It’s a government program that is prone to error, marred by long delays and far more expensive than alternative policies. So it may be little wonder that the death penalty keeps attracting new opposition. But it’s surprising where some of that opposition is coming from.
Over the past decade, the death penalty has been abolished in seven states. Most of those are dominated by Democrats. But the most recent is deeply conservative Nebraska, where lawmakers overrode Gov. Pete Ricketts’ veto of an abolition bill last year. Other red states are revisiting the issue as well. A bill to abolish the death penalty fell short by a single vote in a Kentucky House committee this year, while similar legislation actually passed the Utah Senate before failing in the House.
Last year, the Montana House killed an abolition bill on a tie vote. A few months later, a judge there imposed a moratorium on executions, citing the difficulty of obtaining appropriate drugs for lethal injection -- an issue that has put capital punishment on hold in several states. Litigation over delayed or botched executions compounds problems with meting out the penalty. “Our death penalty is a joke,” Republican state Rep. Clayton Fiscus said during the debate.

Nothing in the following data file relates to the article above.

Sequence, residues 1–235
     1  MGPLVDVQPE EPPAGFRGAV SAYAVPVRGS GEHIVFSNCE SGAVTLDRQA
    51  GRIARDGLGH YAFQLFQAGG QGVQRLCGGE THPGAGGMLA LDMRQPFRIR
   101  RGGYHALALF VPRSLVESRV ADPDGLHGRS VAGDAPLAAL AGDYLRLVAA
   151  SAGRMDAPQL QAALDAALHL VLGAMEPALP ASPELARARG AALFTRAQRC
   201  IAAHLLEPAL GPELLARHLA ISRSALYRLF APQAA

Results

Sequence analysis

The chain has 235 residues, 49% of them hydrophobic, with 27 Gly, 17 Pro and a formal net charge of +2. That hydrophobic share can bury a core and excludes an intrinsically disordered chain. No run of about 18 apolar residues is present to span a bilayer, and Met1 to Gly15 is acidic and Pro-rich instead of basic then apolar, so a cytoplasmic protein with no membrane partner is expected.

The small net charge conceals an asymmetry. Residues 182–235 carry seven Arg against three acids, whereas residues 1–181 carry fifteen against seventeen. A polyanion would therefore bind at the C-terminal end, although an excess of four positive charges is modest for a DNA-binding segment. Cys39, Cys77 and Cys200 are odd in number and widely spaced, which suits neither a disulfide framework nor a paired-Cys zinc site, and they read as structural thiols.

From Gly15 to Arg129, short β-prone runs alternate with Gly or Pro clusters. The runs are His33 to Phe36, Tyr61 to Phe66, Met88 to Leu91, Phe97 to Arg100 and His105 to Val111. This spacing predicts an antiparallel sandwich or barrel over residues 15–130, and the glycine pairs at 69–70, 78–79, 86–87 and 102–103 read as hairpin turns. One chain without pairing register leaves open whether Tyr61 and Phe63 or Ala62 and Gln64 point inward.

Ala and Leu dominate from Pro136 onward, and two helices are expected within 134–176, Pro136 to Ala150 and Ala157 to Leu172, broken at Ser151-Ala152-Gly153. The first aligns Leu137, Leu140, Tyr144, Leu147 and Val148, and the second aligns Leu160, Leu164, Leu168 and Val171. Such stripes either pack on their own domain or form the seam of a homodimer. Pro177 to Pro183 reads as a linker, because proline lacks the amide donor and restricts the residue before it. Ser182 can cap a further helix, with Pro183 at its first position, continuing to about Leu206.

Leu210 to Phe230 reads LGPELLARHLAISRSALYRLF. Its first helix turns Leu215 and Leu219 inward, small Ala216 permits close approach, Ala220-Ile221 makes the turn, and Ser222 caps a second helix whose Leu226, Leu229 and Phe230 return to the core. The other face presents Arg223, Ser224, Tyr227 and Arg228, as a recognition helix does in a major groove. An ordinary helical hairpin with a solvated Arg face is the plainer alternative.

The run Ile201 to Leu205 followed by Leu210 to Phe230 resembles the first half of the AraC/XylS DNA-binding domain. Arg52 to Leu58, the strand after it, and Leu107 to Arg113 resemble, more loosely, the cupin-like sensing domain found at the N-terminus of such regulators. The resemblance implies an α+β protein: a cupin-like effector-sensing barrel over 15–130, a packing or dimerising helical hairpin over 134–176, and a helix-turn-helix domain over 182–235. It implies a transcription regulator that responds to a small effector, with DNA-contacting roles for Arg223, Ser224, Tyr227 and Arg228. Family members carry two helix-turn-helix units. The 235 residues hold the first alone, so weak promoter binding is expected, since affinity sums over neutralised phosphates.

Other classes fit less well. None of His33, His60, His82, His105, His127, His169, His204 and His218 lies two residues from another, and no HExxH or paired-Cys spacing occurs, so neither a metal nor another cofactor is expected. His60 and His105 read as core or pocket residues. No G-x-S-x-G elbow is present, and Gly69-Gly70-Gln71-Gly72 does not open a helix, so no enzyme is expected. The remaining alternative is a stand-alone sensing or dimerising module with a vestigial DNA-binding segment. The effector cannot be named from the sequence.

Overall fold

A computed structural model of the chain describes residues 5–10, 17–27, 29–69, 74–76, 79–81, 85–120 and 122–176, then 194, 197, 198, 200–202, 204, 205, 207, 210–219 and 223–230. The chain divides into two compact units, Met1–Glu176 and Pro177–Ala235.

The average death row inmate can cost tens of thousands of dollars a year more to house than run-of-the-mill criminals. Prisoners who are executed can cost upward of $1 million more than those sentenced to life without possibility of parole. “This is a program that’s so bad, the left and right can actually agree on it,” says Marc Hyden, a former field representative with the National Rifle Association who now works for an advocacy group called Conservatives Concerned About the Death Penalty.
Not everyone is ready to abandon the ultimate punishment for the worst offenders. Polls show support for the death penalty has been weakening in recent years, but a majority of Americans still back it. After the U.S. Supreme Court tossed out Florida’s death penalty law in January, legislators quickly passed a plan to overhaul its jury process so the law would pass legal muster. But a state judge threw the plan out in May. Nebraska residents will vote this November on whether to override the legislature and reinstate the death penalty.
But it’s indisputable that the growing corps of death penalty skeptics now includes many conservatives. There are enough Republican legislators in Washington state ready to join with Democrats that a repeal measure there could pass, if a key committee chair would allow it to come to a vote. “Many of us conservatives don’t trust government to launch a health-care program or fill potholes, let alone carry out life and death,” Hyden says. “It’s the quintessential broken big-government program.”